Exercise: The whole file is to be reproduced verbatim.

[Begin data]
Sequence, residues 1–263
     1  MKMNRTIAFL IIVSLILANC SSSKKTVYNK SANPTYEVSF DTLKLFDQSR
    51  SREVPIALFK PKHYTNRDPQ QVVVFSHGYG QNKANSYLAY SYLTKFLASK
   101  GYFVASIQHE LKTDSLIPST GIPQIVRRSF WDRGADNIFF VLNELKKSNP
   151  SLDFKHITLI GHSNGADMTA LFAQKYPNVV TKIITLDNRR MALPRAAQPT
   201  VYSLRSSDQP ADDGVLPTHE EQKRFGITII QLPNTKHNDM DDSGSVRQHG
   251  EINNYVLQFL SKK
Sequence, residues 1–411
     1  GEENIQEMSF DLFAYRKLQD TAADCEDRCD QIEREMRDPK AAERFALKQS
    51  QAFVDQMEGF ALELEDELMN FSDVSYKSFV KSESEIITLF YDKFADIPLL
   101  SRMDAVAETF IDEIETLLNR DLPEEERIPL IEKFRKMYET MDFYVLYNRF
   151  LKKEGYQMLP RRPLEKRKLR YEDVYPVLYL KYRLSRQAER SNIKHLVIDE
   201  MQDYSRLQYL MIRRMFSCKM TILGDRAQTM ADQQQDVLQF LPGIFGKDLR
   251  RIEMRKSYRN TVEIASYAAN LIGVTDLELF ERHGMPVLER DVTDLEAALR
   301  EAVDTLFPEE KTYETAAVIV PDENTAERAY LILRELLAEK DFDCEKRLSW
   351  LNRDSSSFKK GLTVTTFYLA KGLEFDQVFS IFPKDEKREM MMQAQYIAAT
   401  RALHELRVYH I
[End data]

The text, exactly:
Sequence, residues 1–263
     1  MKMNRTIAFL IIVSLILANC SSSKKTVYNK SANPTYEVSF DTLKLFDQSR
    51  SREVPIALFK PKHYTNRDPQ QVVVFSHGYG QNKANSYLAY SYLTKFLASK
   101  GYFVASIQHE LKTDSLIPST GIPQIVRRSF WDRGADNIFF VLNELKKSNP
   151  SLDFKHITLI GHSNGADMTA LFAQKYPNVV TKIITLDNRR MALPRAAQPT
   201  VYSLRSSDQP ADDGVLPTHE EQKRFGITII QLPNTKHNDM DDSGSVRQHG
   251  EINNYVLQFL SKK
Sequence, residues 1–411
     1  GEENIQEMSF DLFAYRKLQD TAADCEDRCD QIEREMRDPK AAERFALKQS
    51  QAFVDQMEGF ALELEDELMN FSDVSYKSFV KSESEIITLF YDKFADIPLL
   101  SRMDAVAETF IDEIETLLNR DLPEEERIPL IEKFRKMYET MDFYVLYNRF
   151  LKKEGYQMLP RRPLEKRKLR YEDVYPVLYL KYRLSRQAER SNIKHLVIDE
   201  MQDYSRLQYL MIRRMFSCKM TILGDRAQTM ADQQQDVLQF LPGIFGKDLR
   251  RIEMRKSYRN TVEIASYAAN LIGVTDLELF ERHGMPVLER DVTDLEAALR
   301  EAVDTLFPEE KTYETAAVIV PDENTAERAY LILRELLAEK DFDCEKRLSW
   351  LNRDSSSFKK GLTVTTFYLA KGLEFDQVFS IFPKDEKREM MMQAQYIAAT
   401  RALHELRVYH I